SOL 28 March 2017

Bottling anger is bad for your health and can even shorten your life expectancy. Getting out your anger can even extend your life by a good two years. I recently watched a video that had this information (Intelligence for Your Life podcast). Sooo, since I like living in general, there is something I have to get off my chest.

I have a couple of students who, with all the skill and cunning of a cat burglar, have crept under my skin and currently and almost daily but definitely weekly irritate some of my more sensitive nerves. Juniors that have more apathy towards life in general and school in particular seem to congregate in my fourth block class. My school has a technical program that runs adjacent to the main school. The teachers there do not teach fourth block, so those students who are more apt to go straight into the workforce take their core classes at the end of the day. Hence my fourth block class consisting of twenty-one boys and three girls. Don’t rag on me for stereotyping. It’s been consistently this way for about eight years now.

Most of my students try. Those who don’t get the talking to about consequences. Some are fine with repeating eleventh grade English again. Some have time on their side and are simply waiting for their age to meet the law’s requirement for dropping out. Regardless of the path each student chooses, I will help each one whenever they decide they want it even at the last second. But there are some students that would try Saint Teresa’s patience and drive the Dalai Lama to drink. Some students that deserve a t-shirt made in their honor. “I survived teaching” and then the student’s picture. I think I’ve come up with a plausible side business.

Have you ever been glad someone didn’t show up for work because it meant your day would go smoother? The lack of a certain individual’s presence can be like the sun breaking through the stormy clouds and what once looked like a torrential down pour heading your way will now be picnic weather. The kind worthy of skipping through a field of daisies if any daisy fields were handy.

I have found myself time and time again searching the attendance email for certain names. When those names appear, I’m grateful. When they are lacking, dread settles in the pit of my stomach. What fresh new hell shall I weather today? Or will it be a repeat, a goody but oldy annoyance that I’ll be enduring today?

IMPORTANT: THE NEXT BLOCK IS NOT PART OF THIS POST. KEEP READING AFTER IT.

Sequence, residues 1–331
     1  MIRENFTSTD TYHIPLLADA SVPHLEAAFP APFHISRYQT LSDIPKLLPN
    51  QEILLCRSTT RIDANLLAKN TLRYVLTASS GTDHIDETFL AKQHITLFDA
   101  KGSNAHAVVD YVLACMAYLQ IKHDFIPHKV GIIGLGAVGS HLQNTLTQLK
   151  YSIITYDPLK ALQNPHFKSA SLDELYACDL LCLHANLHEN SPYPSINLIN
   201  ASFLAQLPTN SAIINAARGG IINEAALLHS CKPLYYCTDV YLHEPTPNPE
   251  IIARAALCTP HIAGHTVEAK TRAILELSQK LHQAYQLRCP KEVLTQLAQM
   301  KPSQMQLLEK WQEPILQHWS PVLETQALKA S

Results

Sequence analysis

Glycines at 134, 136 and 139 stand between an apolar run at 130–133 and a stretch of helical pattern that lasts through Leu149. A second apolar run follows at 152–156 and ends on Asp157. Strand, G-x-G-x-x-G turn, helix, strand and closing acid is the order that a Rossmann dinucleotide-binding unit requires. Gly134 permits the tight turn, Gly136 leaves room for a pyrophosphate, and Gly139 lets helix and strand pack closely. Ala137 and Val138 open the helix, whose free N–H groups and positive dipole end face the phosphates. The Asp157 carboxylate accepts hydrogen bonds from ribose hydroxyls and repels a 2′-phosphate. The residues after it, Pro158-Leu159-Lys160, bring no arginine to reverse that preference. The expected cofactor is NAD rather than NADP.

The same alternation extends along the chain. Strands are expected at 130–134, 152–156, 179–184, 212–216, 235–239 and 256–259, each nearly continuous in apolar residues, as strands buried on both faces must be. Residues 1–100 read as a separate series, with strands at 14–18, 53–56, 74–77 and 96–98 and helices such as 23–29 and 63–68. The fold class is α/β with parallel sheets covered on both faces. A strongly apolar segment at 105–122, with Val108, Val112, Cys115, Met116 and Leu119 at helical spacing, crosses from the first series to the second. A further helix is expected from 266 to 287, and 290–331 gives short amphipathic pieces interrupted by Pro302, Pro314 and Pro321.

Most of all though, I sometimes get really tired, I mean down to the marrow of my bones exhausted, of being an adult. Being a professional. Taking the high road when dealing with certain kids. Treating them as respectfully as I can without coming off as phony when sometimes they don’t deserve a drop, a speck, a molecule of it. I do the mantra that they’re children, but it’s a hard pill to swallow when I’m dealing with young adults barely a year away from entering the real world.

Okay, I feel a bit better. Try though they might, I shall not allow these kids to drive me to an early grave. Early retirement on the other hand is very doable.



2 thoughts on “SOL 28 March 2017

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  1. Ah, Merlinette, I sympathize with you. Your writing, on the other hand.. is something to envy. Very funny. 🙂

    As a suggestion — and this is just between us professionals, right? If the kids aren’t “there to learn,” why not just do what you want to do? Teach the way you want to teach. Like — throw a party with a few “Standards” games in there (like Jenga or Twister with the standards taped on them).

    Do something outrageous to get these kids off their “I have adult parts” high horse and remind them that they’re kids who are curious, want intellectual stimulii, are interested in something beyond their big hands and big feet..

    One day, I had this realization that my kids are learning without me holding their hand every second of the period. They learn once they leave my class, they learn when they’ve left school. It’s not about me and what comes out of my mouth, nor even the perfection of the lesson.. which is usually culled from the mind of some other brilliant teacher. So, I decided to teach the way that would make me happy — what felt authentic and real to me so that I could respect myself and my profession. Why not give myself that chance to be a happy teacher? Especially if I reasoned kids WILL learn somehow. They really will — they look for it (knowledge).

    Long story longer — when I began to teach authentically, the kids kinda woke up and the rest is history…

    ..which happens to be this: (short story, I swear) This year = hell. Just bad year, but it wasn’t the kids. Life and whatnot. Then I began to write and bring my old form of teaching into the classroom (the one I just described). The day after I did this, the kids were looking like, “Where have you been all year? Do we know you?” Something happened because I got in touch with my authentic teaching self (about 1 month ago).. and where I’d say I could have written off the year (“Yeah.. I remember “that group” of kids!”), it turned around in a matter of weeks.

    Just a thought.

    Your honest blog provoked thought in me and I thought I’d share.. sorry it’s so long! Guess I”ve written my Slice for tomorrow! 🙂

    Liked by 1 person

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